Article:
by Catherine Gammon
Braddock Avenue Books
Review by Mike Hampton
Catherine Gammon’s second novel Sorrow is a dense exploration of the interior lives of characters who exist on the brink. Readers are invited to enter the shattered life of Anita Palatino and connect the shards of her past, her present, and ultimately, her mind. They are asked to consider what choices they would make if they were immigrant refugees from a civil war who suddenly had to speak with the police. They are charged to walk with a nun who doubts her ability to help and considers her faith a consequence of chance. They are left to explore whether passion is an escape from despair or solely a trap sprung when hurting gets too much to bear.
The novel’s protagonist Anita is buried under the shame of her nightly excursions, the pain of sexual abuse, anger, and her inability to be only one person. In the night she is often overtaken by base urges which transform her into an allegory for lust, rage, and fear. The results of her actions during these periods leave her to hide or reconcile what she’s done when she was a different shade of herself.
While Anita’s actions set the narrative in motion, those who inhabit her world are just as richly rendered and conflicted and each has a secret singular mourning. Anita’s mother has a lifeless existence and is a prisoner in her apartment which she remains. Cruz Garcia and his cousin Tomas bear the wounds of the El Salvadorian civil war as they try to care for Anita and avoid the unwanted attention and grief she brings. Her poor community of refugees and lost souls feels at once threatened by her and desperate to come to her aid as best they can, if only because she represents their lives in a sense: locked by the past, surviving, and praying for deliverance. Sister Monica speaks of this communion even when Anita’s guilt grows clearer, “We seemed so alike in those days…Alone in our hearts, secrets, and hungry for meaning, for mystery—some more truthful way of life, an otherworldly but still human love.” Though in this passage Sister Monica speaks for herself, it is a shared sentiment for many who know her.
More than sorrow though, Gammon’s writing explores the hardships endured by deeply fractured individuals who try to do what they know is right, despite their inclinations to do otherwise. This often is represented in passages where Anita, Tomas, and especially Cruz Garcia battle their inward sexual desires, as if letting them out, as Anita does, would expose a buried self that would destroy them. It is also present in the attempts made to adopt Anita’s crime by a man who knows the truth.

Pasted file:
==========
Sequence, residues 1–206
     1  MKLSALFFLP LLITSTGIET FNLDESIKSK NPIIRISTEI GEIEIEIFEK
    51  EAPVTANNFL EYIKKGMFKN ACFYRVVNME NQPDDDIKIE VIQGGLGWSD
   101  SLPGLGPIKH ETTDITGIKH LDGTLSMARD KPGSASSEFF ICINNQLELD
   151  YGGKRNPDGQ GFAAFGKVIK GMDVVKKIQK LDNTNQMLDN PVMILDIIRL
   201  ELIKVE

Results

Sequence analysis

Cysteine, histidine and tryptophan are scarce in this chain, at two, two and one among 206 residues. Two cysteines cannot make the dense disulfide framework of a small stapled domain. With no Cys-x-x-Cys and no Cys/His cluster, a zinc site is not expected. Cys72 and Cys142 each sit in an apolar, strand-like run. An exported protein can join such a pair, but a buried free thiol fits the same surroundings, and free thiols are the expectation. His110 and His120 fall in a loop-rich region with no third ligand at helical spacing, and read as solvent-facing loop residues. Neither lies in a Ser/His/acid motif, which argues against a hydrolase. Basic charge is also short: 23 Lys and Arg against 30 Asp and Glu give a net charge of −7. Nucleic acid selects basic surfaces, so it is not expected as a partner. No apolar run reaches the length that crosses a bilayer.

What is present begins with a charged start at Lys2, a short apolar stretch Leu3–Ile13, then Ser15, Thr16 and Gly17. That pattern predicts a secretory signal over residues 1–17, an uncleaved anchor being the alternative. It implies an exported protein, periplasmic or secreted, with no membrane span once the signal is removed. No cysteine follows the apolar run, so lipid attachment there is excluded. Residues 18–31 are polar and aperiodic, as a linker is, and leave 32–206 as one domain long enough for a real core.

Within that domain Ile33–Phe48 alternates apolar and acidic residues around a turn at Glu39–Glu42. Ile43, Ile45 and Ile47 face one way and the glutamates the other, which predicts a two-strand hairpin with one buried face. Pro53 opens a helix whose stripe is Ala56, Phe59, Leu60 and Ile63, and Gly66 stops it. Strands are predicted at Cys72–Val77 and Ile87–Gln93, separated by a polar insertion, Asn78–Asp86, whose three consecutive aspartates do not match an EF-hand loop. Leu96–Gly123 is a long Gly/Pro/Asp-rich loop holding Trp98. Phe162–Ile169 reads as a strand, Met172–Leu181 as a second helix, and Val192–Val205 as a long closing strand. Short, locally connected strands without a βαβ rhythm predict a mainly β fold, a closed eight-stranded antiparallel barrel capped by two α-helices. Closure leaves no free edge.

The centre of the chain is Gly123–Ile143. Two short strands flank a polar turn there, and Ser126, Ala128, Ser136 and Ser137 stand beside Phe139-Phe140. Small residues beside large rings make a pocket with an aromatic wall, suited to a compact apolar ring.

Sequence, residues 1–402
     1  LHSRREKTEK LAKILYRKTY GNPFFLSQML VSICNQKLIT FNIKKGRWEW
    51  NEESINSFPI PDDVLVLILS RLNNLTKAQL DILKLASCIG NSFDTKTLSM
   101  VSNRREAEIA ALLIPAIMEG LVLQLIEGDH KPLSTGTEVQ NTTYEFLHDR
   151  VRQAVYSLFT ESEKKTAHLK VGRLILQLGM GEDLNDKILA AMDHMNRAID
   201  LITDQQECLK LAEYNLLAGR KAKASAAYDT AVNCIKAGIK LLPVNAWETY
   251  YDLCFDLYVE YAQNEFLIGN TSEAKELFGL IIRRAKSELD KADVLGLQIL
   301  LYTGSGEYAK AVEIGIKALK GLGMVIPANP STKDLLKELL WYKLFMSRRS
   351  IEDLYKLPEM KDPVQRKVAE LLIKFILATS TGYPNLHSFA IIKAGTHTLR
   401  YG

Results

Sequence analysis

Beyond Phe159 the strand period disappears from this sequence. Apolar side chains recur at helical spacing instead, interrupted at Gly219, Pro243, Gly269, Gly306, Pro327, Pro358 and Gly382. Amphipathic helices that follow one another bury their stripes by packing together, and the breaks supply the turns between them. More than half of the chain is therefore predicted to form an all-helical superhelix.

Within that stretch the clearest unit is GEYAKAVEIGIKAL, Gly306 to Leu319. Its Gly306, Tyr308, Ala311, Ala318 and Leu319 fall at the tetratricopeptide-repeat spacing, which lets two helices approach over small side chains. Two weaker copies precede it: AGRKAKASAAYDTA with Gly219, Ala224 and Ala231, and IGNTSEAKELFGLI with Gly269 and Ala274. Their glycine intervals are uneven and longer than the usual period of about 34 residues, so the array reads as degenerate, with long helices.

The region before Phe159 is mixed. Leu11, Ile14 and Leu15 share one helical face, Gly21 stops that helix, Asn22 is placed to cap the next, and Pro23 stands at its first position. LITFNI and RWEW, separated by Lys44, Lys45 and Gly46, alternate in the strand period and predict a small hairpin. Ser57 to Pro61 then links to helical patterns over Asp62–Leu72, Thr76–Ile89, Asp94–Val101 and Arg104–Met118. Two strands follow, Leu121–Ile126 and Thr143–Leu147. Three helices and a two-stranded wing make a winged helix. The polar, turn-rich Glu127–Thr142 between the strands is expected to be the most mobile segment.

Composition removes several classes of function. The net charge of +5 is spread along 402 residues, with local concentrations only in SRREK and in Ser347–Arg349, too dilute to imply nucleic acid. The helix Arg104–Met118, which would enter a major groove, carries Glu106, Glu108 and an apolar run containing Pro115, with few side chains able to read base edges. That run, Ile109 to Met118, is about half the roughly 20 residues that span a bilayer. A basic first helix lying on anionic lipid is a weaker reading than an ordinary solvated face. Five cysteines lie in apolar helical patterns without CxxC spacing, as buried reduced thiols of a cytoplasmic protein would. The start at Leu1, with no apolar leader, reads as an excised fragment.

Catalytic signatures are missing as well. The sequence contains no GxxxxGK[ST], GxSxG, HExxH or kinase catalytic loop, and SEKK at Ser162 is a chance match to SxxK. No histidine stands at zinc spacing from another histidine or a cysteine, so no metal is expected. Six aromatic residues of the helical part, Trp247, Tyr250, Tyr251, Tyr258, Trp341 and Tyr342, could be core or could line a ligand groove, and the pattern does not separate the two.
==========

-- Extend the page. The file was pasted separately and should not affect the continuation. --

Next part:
One of the most engaging aspects of this novel is that, even though it is heavy with language, paragraphs go on for pages or more at times, the most prominent struggle its characters face is an inability to speak. This damning muteness can be found when Tomas’ lack English prevents his opening up to Anita, “He would tell Cruz about his father, and Cruz would tell Anita; he would tell Cruz about his mother, his brothers and sisters, and Cruz would repeat it…” and more frequently when characters are unable to share what is in their hearts as when Anita struggles to confess to Tomas, “She wanted to tell him, to tell him.” This paradox of characters unable to speak truly in a novel so intense with language heightens both the characters’ fight to exist an honest way, and the readers’ imprint of how inwardly barred each is as he or she attempts to free themselves from the scars on their souls.
Sorrow, like Crime and Punishment, succeeds by raising moral questions it refuses to answer. Simple moralizing is barren when compared to the richness found by exploring characters forced to live through a multitudes of lives no matter how painful.